Bond: You did - did you earn it all or did your folks give you an allowance?

    Wise: No, if I didn't have enough, I'd ask for help and Mother would always find some way to give it to me. I usually had more than I should have had because I wasn't very saving, little wasteful, big shot.

    Bond: Someone has to do that.
  • Playing football and running track; participating in the Boy Scouts; typical meals and weekday evenings; going to the movie theater in downtown Wilmington on weekends
    Keywords: Ace Theater; Aldine Theater; athletics; Avenue Theater; Bijou Theater; Boy Scouts; composition; football; Garrick Theater; Gem's Theater; Grand Opera House; homework; Lowes Theater; movie theaters; Queen Theater; Rialto Theater; salt mackerel; scrub team; Strand Theater; track; war parade
    Transcript: Bond: What were some of your after school activities?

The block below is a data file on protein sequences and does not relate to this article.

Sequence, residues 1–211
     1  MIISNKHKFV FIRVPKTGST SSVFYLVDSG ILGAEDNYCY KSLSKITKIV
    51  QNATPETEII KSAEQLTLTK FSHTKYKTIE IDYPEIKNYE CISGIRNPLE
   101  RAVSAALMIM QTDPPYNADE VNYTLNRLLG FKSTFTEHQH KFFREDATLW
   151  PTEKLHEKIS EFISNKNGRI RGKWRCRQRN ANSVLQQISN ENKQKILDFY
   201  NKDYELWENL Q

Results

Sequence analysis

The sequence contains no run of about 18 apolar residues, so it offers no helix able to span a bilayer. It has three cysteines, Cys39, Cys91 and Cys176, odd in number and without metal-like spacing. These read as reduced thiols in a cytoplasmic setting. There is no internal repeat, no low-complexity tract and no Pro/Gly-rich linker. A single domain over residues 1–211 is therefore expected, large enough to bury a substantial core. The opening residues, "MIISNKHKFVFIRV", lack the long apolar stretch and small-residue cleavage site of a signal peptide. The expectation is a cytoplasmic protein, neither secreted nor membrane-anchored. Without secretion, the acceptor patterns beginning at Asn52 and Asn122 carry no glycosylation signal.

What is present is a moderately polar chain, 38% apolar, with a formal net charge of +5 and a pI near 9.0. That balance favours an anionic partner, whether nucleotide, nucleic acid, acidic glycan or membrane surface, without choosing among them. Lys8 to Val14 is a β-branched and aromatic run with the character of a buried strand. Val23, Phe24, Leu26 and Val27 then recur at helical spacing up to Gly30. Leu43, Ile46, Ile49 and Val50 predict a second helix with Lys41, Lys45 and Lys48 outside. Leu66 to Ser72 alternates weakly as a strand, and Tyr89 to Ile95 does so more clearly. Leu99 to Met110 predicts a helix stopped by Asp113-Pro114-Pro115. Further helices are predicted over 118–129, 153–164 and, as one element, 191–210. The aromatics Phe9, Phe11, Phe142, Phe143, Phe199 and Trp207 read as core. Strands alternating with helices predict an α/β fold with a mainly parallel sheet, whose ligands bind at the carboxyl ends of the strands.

Wise: After school activities - athletics mostly.

    Bond: What kind of athletics?

    Wise: I was on the football squad at high school, I was a runner, captain of the team at one time.

    Bond: What running events were you in - dashes or...

    Wise: Dashes, anything up to a quarter of a mile. Not good, but I was in there.

    Bond: You were captain of your team, you must have been pretty good.

    Wise: By comparison. And football, I was in those days - eleven men were the varsity and that twelfth man, he was on the scrub team. Matter of fact, they only had about sixteen or seventeen fellows out for the team, in the whole city, that's all we turned up in my day.

    Bond: Who did you play, what other teams?

    Wise: Well, let's see - Camden, we played - I think it was called - it was one of the Philadelphia teams, that was always the first game of the season, and we always got pretty well walloped. And we played Penns Grove, played Lower Marion, Cheltenham, Chester - Chester was one of our favorite opponents.

    Bond: Why was that, because you could always beat them?